A “Bazaar” Tale Told By Widener AlumsNovember 30, 2012
By Autumn Heisler ‘15
When you think of English and engineering majors, you usually don’t picture them together. But class of 1999 alums Patrick Manley, with a degree in English, and Brendan O’ Riordan, with an engineering degree, thought otherwise. This pair of Widener graduates collaborated to make and produce a documentary on a groundbreaking Delaware County mall known as the Bazaar of All Nations.
The Bazaar was one of the first models of today’s modern mall, predating the King of Prussia Mall among others. It opened November 8, 1960, on Baltimore Pike in Clifton Heights with the idea of bringing stores together. A community — one that some considered a family — grew out of the four-city-block-long center. Manley and O’ Riordan, along with cinematographer and director Melissa Whitely, decided to commemorate this “mother of all malls” by creating the documentary that debuted in 2010, the 50th anniversary of the Bazaar’s opening.
The idea came to Manley about a decade ago when a basic search on Google turned up little information on the Bazaar. “It seemed odd to me, considering there are websites for even the most obscure things, that a place as fondly remembered had no presence on the Internet, or anywhere else for that matter,” Manley said. But it wasn’t until 2006, when Manley met Whitely and proposed the idea of putting together a documentary, that the idea truly blossomed. Manley asked his lifelong friend O’ Riordan to join them in their project.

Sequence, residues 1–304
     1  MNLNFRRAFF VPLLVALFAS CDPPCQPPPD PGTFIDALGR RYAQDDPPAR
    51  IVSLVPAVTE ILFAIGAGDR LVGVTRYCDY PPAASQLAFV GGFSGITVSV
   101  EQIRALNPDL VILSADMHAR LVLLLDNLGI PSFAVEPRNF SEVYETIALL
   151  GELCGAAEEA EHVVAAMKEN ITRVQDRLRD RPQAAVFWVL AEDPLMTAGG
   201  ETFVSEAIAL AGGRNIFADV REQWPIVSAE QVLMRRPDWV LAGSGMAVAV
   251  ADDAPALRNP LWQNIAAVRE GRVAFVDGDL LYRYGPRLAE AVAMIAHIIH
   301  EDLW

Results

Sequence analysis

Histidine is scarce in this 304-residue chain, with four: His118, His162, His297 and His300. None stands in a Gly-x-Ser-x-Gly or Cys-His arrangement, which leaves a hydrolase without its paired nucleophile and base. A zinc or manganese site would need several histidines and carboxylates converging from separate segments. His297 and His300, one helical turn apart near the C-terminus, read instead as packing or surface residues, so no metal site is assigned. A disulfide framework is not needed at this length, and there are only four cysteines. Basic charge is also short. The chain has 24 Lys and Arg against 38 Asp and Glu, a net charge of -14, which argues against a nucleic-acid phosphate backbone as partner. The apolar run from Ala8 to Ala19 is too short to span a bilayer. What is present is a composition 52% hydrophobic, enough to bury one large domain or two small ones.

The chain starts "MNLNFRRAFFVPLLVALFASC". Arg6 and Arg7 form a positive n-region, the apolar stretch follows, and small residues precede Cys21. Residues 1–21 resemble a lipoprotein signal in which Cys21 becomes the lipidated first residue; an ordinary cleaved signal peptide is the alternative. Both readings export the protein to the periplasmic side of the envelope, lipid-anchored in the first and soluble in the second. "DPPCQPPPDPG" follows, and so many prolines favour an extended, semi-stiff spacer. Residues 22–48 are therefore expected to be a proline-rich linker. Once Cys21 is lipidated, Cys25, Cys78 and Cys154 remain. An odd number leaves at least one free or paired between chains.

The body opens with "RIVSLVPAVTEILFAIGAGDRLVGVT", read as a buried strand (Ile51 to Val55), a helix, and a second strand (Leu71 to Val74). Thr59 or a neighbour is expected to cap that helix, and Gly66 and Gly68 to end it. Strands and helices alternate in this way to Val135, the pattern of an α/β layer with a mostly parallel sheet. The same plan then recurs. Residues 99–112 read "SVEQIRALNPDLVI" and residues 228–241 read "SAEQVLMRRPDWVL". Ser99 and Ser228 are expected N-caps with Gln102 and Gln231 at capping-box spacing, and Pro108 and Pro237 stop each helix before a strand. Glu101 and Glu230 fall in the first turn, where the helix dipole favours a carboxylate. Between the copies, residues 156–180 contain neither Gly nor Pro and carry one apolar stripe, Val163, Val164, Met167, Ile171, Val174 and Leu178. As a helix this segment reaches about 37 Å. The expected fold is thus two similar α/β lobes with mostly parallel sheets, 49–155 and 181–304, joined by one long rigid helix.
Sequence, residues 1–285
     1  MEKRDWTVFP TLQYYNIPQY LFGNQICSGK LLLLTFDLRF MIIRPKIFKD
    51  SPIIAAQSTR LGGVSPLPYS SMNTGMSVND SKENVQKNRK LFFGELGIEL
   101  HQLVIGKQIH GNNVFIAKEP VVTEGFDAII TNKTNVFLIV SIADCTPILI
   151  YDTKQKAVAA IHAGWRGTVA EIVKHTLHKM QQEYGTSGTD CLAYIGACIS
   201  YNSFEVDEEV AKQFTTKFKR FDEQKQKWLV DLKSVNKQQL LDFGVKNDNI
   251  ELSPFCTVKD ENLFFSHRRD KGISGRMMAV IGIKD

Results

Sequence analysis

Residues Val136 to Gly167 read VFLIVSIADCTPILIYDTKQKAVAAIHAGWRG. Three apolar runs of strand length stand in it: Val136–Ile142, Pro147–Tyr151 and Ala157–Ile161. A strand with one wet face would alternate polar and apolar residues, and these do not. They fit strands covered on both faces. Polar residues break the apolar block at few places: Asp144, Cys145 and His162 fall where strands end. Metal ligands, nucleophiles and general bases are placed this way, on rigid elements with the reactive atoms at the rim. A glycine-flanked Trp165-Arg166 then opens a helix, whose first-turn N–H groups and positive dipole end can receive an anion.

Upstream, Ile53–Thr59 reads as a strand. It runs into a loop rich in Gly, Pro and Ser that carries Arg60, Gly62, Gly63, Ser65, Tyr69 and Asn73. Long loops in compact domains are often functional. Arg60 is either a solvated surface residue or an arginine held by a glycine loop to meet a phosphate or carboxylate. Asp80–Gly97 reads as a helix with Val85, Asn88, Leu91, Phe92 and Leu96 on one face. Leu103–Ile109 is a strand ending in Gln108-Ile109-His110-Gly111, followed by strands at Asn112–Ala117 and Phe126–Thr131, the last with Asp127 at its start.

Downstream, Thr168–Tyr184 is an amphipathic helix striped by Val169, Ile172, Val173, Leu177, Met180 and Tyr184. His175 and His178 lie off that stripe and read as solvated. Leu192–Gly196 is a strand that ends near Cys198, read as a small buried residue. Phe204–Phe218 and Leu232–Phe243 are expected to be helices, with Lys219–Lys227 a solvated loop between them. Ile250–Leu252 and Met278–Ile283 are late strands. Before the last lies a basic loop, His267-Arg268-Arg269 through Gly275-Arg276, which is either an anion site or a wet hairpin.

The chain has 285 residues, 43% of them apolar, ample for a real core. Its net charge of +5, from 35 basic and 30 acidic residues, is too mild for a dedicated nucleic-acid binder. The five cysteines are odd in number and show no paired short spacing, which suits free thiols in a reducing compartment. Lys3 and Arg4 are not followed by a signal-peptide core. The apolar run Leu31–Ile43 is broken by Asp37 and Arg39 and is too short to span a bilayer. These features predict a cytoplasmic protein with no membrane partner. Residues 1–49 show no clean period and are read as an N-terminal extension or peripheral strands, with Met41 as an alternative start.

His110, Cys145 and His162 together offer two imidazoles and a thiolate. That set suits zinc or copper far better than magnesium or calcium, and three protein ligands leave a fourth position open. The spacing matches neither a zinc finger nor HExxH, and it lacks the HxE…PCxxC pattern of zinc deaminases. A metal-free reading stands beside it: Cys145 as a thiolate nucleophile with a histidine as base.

Through their research, the three-person partnership discovered a lot of Bazaar tales, ranging from contests, to celebrities, to simple acts of kindness. “One woman we interviewed won a pony at a contest in front of the Bazaar when she was about 10 years old,” O’ Riordan said. “She had to call her father to come to the Bazaar and help her bring the pony back to their suburban home. Together they walked the pony across Baltimore Pike and through the neighborhood streets to the confusion of onlookers.”
Manley particularly enjoys the stories he heard about the 1966 Christmas holiday. A sudden snowstorm stranded shoppers on Christmas Eve, but the community of the Bazaar pulled together, handing out free food and offering show furniture as beds to sleep in.
Even political figures stopped by this remarkable landmark during their campaigns. In the documentary, never-before-seen photographs of Robert F. Kennedy, Ted Kennedy, and President Richard Nixon can be seen. When first released, the film sold out its premiere weekend. Recently, the documentary was featured on PBS station WHYY-TV, and continues to gain support through its Facebook group and website where DVDs are available.
The Bazaar of All Nations no longer stands as it once did. It closed in 1993 and was demolished two years later, but that doesn’t mean it won’t live on in the hearts of its community. “My memories of the Bazaar really fill most of my childhood and adolescence, and I think most people who remember it would tell you the same,” Manley said. “It’s kind of a shared adolescence over a couple of generations, wholly unique to this area. [The documentary] really has been a tremendously rewarding project for all of us.”